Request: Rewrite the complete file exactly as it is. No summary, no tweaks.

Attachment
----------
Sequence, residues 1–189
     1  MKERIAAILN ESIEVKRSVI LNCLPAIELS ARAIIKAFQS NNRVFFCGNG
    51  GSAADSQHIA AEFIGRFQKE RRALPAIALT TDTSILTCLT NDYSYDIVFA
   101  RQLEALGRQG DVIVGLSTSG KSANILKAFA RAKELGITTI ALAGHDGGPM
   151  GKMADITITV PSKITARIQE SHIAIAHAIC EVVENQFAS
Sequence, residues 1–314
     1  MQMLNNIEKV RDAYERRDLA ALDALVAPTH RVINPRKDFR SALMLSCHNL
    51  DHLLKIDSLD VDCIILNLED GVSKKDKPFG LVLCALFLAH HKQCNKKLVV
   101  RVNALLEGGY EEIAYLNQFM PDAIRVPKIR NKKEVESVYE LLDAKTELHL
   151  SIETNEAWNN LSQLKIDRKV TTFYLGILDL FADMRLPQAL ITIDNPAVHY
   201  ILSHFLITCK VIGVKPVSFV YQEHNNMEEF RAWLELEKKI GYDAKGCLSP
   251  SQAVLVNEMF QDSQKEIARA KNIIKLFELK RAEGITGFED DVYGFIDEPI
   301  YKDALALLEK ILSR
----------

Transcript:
Sequence, residues 1–189
     1  MKERIAAILN ESIEVKRSVI LNCLPAIELS ARAIIKAFQS NNRVFFCGNG
    51  GSAADSQHIA AEFIGRFQKE RRALPAIALT TDTSILTCLT NDYSYDIVFA
   101  RQLEALGRQG DVIVGLSTSG KSANILKAFA RAKELGITTI ALAGHDGGPM
   151  GKMADITITV PSKITARIQE SHIAIAHAIC EVVENQFAS
Sequence, residues 1–314
     1  MQMLNNIEKV RDAYERRDLA ALDALVAPTH RVINPRKDFR SALMLSCHNL
    51  DHLLKIDSLD VDCIILNLED GVSKKDKPFG LVLCALFLAH HKQCNKKLVV
   101  RVNALLEGGY EEIAYLNQFM PDAIRVPKIR NKKEVESVYE LLDAKTELHL
   151  SIETNEAWNN LSQLKIDRKV TTFYLGILDL FADMRLPQAL ITIDNPAVHY
   201  ILSHFLITCK VIGVKPVSFV YQEHNNMEEF RAWLELEKKI GYDAKGCLSP
   251  SQAVLVNEMF QDSQKEIARA KNIIKLFELK RAEGITGFED DVYGFIDEPI
   301  YKDALALLEK ILSR